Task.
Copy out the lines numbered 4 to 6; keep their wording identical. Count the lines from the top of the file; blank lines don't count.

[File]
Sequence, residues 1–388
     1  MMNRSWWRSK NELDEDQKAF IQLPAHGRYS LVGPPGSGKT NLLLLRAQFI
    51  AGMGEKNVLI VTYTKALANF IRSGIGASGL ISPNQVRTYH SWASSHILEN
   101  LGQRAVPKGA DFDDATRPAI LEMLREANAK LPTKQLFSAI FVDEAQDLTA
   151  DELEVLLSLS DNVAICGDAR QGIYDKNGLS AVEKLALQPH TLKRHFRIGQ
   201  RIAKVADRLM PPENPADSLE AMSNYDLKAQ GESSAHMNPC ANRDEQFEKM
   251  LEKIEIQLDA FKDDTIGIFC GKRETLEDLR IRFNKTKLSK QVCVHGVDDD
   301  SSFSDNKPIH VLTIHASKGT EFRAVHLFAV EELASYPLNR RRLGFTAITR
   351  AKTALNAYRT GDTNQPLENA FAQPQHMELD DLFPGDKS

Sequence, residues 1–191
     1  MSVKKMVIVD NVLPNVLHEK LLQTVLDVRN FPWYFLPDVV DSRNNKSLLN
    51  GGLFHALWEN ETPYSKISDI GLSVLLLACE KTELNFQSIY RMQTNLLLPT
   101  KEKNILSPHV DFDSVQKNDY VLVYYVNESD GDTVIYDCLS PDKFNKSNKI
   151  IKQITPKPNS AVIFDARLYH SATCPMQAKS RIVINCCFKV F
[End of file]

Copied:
   101  LGQRAVPKGA DFDDATRPAI LEMLREANAK LPTKQLFSAI FVDEAQDLTA
   151  DELEVLLSLS DNVAICGDAR QGIYDKNGLS AVEKLALQPH TLKRHFRIGQ
   201  RIAKVADRLM PPENPADSLE AMSNYDLKAQ GESSAHMNPC ANRDEQFEKM